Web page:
This blood-bought, God-owned temple of the Spirit is not destined for final destruction, but for resurrection glory. It is precisely the continuity between the Spirit-indwelt-body now and the Spirit-work at the last day which guarantees our resurrection:
If the Spirit of him who raised Jesus from the dead dwells in you, he who raised Christ Jesus from the dead will also give life to your mortal bodies through his Spirit who dwells in you. (Romans 8:11)
The body will never be discarded. It has been bought by the blood of Jesus!
A Symbol for Sowing and Sleeping
All of this leads to a view of burial controlled by symbols which are true to the glory of the human body. Paul’s understanding of burial is that this was a picture of being “sown” in the ground like a seed that will sprout with wildly superior beauty at the resurrection, when the graves are opened at the coming of Christ.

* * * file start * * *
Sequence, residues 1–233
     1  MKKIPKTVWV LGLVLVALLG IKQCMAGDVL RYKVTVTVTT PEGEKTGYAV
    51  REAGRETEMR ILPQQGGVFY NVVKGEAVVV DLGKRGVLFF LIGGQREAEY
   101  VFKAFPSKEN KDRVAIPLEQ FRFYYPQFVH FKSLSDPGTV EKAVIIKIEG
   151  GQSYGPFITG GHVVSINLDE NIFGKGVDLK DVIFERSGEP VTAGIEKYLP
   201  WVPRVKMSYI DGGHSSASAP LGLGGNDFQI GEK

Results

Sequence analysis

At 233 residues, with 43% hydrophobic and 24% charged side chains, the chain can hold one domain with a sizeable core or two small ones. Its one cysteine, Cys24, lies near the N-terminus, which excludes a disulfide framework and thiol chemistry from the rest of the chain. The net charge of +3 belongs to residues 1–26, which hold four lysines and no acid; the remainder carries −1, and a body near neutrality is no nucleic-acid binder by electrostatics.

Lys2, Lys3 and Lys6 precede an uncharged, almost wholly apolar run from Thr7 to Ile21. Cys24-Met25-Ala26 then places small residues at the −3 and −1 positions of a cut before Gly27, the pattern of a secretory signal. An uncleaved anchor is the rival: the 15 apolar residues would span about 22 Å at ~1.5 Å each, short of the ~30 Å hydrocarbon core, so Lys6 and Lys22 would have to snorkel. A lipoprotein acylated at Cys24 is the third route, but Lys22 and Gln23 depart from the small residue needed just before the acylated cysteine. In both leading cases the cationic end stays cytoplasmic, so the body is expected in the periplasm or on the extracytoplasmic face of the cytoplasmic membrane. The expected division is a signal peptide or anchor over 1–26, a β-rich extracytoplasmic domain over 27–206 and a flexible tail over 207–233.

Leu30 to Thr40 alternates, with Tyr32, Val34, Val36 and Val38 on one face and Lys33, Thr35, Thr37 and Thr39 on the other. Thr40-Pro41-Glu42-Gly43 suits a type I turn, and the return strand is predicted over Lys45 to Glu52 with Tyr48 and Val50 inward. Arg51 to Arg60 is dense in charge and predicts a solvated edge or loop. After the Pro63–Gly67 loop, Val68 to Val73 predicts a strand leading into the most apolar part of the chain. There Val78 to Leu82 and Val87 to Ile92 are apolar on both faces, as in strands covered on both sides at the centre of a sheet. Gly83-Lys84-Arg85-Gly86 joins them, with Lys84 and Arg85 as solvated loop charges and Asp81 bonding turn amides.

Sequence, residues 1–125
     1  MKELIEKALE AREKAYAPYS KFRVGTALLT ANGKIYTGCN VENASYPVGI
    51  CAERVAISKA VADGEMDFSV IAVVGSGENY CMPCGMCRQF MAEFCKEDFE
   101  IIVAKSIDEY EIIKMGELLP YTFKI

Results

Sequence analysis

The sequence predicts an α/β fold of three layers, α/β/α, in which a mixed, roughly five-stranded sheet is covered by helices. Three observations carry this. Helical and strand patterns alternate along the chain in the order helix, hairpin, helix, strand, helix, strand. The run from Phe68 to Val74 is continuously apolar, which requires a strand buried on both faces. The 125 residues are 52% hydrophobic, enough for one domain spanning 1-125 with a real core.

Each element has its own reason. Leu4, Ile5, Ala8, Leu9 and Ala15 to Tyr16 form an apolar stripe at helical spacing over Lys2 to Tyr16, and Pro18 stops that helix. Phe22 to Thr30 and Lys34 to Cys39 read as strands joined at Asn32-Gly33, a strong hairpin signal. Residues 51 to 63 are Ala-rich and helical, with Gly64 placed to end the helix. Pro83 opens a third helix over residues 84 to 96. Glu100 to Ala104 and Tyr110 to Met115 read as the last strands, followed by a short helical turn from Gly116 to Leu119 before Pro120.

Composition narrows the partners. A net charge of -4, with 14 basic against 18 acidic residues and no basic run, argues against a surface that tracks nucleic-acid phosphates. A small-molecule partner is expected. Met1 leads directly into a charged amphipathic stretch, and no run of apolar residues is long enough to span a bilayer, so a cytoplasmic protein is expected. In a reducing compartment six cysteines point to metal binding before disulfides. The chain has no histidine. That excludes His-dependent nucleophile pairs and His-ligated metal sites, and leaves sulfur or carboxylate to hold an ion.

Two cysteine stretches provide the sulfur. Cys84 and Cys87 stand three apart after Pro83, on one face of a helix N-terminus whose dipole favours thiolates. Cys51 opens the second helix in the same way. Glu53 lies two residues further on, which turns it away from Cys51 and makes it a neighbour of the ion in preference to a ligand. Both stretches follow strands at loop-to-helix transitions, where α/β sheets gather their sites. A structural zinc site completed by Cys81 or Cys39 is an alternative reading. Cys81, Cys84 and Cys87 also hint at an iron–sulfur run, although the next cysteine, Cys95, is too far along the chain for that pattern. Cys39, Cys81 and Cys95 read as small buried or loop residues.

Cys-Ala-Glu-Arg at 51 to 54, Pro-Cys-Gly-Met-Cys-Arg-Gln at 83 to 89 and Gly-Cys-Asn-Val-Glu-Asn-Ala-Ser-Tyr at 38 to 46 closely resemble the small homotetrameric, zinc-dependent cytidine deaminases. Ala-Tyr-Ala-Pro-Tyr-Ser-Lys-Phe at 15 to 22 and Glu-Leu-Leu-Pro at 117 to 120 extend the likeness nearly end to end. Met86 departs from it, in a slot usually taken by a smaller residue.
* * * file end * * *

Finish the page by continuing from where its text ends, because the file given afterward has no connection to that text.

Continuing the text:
What you sow is not the body that is to be, but a bare kernel, perhaps of wheat or of some other grain. . . . So is it with the resurrection of the dead. What is sown is perishable; what is raised is imperishable. It is sown in dishonor; it is raised in glory. It is sown in weakness; it is raised in power. It is sown a natural body; it is raised a spiritual body. If there is a natural body, there is also a spiritual body. (1 Corinthians 15:37, 42–44)
Burial — sowing the seed of the body — is the biblical picture of belief in the resurrection of the body.
Christians also have seen burial as the laying to rest of the body as though it is sleeping, waiting for the waking of the resurrection. “We who are alive, who are left until the coming of the Lord, will not precede those who have fallen asleep” (1 Thessalonians 4:15). “We shall not all sleep, but we shall all be changed” (1 Corinthians 15:51). Early “Christian gravesites were called coemeteria (cemeteries), which literally means ‘sleeping places,’ reflecting belief in a future resurrection” (Timothy George).
One of the reasons putting the body in the ground, as if in sleep, was important was that no one knew when the Lord Jesus would come back. Therefore, it was possible that the trumpet could sound not long after the burial, and the dead would be raised very much as if he had only taken a nap.